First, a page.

In the last couple of weeks two acquaintances, both American, independently sent me tweets about belVita breakfast biscuits. The product has been sold by Kraft Foods subsidiaries in Europe for more than a decade and in the UK since 2010; it launched in the US last month with a pre-game ad on Super Bowl Sunday and a huge sample giveaway in supermarkets and to bloggers. (Not this blogger, however.)
Both of my Twitter friends asked the same question: “Doesn’t belVita…
…sound a lot like Velveeta?”
It sure does. And it’s especially odd when you consider that both products—one a cookie-like biscuit, the other a processed cheese food—are made by Kraft. (In the US, BelVita is sold by Nabisco, a Kraft subsidiary since 2000.) Velveeta, the cheese product that’s been around since 1927—some of it probably still in the original packaging and still a pristine, vivid orange—isn’t sold in the UK or Europe. But with belVita now crossing the Atlantic, won’t there be some confusion between the two brands?
Dave Pool in Albuquerque, New Mexico, thinks so:
True, the names have different etymologies: “Velveeta” is meant to suggest “velvet-smooth texture,” while “belVita” is a compression of bella vita, Italian for “beautiful life.” But in a radio ad, I’d challenge you to hear the difference in their pronunciation. It’s of particular concern in Spanish-speaking markets: in spoken Spanish, there’s virtually no distinction between “b” and “v.”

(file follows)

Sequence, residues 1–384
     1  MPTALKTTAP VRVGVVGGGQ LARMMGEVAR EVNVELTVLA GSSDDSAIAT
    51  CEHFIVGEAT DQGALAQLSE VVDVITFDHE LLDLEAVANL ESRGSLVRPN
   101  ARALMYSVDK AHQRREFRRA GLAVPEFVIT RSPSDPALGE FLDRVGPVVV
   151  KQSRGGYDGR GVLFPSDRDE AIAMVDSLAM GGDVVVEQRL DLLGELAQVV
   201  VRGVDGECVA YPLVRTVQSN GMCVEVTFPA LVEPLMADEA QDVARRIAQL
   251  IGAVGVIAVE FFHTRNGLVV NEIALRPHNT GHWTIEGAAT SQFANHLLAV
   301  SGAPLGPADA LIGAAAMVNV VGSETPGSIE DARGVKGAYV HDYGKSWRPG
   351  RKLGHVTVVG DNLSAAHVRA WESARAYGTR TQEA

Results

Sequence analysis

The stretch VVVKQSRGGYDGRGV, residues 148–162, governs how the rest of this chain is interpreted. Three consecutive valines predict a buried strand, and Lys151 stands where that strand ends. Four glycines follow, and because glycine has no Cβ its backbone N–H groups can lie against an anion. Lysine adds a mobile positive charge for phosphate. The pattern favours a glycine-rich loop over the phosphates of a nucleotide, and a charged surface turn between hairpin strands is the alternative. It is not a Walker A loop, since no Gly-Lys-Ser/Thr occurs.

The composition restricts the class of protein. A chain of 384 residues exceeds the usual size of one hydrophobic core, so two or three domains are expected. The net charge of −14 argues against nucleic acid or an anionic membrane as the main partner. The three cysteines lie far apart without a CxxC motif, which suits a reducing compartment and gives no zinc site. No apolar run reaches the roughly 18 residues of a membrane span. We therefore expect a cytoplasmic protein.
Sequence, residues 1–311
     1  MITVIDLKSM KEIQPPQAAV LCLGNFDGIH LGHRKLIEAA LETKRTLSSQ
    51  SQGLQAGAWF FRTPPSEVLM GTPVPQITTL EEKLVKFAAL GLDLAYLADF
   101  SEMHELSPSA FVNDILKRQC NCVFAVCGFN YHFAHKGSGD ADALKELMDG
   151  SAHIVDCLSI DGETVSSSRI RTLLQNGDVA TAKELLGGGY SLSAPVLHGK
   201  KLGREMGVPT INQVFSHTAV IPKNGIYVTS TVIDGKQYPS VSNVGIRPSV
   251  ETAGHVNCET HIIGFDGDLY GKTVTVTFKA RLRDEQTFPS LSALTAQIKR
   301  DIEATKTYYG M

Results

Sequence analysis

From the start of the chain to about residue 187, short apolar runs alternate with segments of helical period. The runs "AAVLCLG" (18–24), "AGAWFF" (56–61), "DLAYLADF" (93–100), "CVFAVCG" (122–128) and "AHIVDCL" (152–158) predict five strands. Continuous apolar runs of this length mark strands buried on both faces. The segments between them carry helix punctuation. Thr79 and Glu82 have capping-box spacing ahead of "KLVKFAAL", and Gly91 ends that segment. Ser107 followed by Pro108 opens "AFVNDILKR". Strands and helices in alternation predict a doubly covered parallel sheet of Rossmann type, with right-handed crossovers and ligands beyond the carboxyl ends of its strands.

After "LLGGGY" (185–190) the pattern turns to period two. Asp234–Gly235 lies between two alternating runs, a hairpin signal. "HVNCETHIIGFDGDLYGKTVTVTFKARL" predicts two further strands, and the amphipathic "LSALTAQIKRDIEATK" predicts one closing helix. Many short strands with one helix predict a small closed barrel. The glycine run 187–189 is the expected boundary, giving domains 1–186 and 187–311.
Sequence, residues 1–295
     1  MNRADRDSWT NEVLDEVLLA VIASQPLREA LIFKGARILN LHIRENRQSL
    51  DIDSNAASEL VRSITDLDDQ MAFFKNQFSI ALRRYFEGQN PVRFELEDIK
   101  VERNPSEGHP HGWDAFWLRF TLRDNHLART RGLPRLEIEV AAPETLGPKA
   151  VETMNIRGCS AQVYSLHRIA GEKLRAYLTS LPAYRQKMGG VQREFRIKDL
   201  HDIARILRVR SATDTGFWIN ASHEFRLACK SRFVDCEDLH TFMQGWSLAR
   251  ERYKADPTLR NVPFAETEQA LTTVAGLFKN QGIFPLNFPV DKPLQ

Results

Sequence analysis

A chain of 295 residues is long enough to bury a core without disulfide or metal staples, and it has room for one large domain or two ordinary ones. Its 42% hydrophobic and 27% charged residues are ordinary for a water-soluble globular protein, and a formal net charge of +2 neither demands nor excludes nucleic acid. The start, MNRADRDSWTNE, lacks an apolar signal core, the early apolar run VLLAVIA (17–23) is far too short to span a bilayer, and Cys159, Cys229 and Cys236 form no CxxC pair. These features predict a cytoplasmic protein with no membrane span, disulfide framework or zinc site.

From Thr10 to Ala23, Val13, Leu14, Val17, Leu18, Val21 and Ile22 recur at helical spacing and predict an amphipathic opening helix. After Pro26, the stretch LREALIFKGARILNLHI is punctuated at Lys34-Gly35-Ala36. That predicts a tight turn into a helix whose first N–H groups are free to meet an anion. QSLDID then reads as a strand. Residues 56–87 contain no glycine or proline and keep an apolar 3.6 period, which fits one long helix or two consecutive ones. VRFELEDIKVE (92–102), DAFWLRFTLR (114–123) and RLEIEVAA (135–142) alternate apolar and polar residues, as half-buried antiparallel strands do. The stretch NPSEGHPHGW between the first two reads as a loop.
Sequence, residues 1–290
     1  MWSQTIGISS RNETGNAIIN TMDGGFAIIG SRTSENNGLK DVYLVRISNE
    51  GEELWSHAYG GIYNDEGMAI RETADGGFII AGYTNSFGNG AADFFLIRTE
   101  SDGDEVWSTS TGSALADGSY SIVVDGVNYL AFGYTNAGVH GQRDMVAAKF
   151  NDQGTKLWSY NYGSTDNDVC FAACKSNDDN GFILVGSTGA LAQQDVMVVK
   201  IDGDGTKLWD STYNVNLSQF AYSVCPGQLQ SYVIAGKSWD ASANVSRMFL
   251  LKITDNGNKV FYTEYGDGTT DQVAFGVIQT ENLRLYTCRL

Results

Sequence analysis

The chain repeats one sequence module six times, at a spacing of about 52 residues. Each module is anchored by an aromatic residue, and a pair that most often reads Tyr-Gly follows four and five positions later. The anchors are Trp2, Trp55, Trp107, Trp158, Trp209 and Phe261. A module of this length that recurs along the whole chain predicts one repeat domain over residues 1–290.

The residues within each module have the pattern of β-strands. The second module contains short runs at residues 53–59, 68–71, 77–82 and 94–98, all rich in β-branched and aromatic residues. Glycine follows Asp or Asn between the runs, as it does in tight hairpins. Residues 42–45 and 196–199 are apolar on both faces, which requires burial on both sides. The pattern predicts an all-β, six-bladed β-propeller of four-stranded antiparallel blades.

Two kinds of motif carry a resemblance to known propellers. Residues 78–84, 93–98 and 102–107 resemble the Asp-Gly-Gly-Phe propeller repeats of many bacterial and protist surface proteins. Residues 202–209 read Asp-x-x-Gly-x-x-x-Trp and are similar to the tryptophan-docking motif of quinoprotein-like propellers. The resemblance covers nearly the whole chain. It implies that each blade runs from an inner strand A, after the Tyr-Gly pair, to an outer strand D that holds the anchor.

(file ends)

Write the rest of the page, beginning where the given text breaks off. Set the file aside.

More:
I can only surmise that when it introduced belVita in France, more than 10 years ago, Kraft (or Lu, its French subsidiary) didn’t plan for an eventual US launch and didn’t concern itself about the belVita/Velveeta confusion. But I’d love to hear from someone closer to the source.
So why, all these years later, didn’t Kraft just rebrand the product for North America? Again, I have no inside info. After all, it’s not as though it couldn’t afford to: total Kraft Food revenue in 2010 was $49.2 billion; and the belVita brand alone brought in $100 million. And I doubt it’s because of brand equity: I don’t suspect belVita has built up a huge following among Americans who returned from the UK and Europe clamoring for those exquisite breakfast biscuits they’d bought at Sainsbury’s or the hypermarket.
BelVita faces another marketing challenge: For several decades Americans have willingly consumed breakfast bars like Kellogg’s Nutri-Grain, but the breakfast biscuit is unknown on these shores. Indeed, to most Americans, a “biscuit” is soft and fluffy and served with gravy. (Alternatively, biscuits are for teething babies or for dogs.) BelVita biscuits are hard and crunchy and lightly sweetened.* To overcome Americans’ confusion, belVita’s US site goes into a lot more detail than the UK site about nutritional benefits and the “newness” of the product. According to a MarketWatch story about the US launch, belVita products will be sold in the reassuringly familiar cookie/cracker aisle, not with the dog biscuits.
As for Velveeta, if you’ve ever wondered how it’s made, an article by Veronique Greenwood in Discover magazine reveals all. Did you know there was Velveeta fan fic? Now you do.
* For more on British vs. American “biscuit,” I refer you to the authoritative Lynneguist of Separated by a Common Language.